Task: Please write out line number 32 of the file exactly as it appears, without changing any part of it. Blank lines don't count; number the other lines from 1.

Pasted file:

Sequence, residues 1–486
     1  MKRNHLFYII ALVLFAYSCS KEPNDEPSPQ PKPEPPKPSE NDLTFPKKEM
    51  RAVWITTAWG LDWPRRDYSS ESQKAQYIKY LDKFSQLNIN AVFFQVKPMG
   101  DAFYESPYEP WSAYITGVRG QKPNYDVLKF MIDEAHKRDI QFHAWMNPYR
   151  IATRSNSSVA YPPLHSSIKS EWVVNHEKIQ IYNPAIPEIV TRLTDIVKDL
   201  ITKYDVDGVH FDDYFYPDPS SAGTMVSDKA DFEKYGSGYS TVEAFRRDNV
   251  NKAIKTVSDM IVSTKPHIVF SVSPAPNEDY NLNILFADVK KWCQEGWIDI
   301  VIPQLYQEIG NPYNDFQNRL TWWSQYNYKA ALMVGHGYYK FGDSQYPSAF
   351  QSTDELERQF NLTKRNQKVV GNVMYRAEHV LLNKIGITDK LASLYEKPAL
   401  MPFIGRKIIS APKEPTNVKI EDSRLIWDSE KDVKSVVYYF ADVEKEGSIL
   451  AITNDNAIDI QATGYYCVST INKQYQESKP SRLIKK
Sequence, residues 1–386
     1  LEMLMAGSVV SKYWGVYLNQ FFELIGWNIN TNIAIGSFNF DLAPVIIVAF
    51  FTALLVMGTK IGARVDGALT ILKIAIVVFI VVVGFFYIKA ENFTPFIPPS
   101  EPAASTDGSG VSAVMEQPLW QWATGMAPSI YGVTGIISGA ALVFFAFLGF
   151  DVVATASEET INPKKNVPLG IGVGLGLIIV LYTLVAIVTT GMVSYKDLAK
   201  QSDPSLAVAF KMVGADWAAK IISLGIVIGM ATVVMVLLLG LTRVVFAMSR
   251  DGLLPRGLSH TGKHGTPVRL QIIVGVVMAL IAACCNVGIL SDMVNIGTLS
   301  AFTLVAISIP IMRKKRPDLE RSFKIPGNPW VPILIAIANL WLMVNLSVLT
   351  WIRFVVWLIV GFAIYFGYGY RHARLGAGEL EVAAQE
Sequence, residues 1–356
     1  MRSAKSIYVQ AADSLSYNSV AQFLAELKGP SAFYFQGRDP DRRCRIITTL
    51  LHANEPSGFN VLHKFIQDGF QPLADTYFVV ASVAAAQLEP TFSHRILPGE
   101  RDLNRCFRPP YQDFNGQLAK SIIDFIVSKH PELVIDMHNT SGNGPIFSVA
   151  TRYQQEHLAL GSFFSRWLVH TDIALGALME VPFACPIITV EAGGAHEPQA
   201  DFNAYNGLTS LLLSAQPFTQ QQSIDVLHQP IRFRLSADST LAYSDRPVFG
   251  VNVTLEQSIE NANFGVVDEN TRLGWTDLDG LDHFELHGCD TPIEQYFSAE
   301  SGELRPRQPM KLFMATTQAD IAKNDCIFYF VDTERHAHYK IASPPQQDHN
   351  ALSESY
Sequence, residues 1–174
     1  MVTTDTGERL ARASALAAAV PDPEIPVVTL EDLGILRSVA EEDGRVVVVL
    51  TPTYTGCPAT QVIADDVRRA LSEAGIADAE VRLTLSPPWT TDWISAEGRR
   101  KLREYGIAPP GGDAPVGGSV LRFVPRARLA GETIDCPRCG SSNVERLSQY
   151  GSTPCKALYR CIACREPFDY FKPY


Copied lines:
    51  TPTYTGCPAT QVIADDVRRA LSEAGIADAE VRLTLSPPWT TDWISAEGRR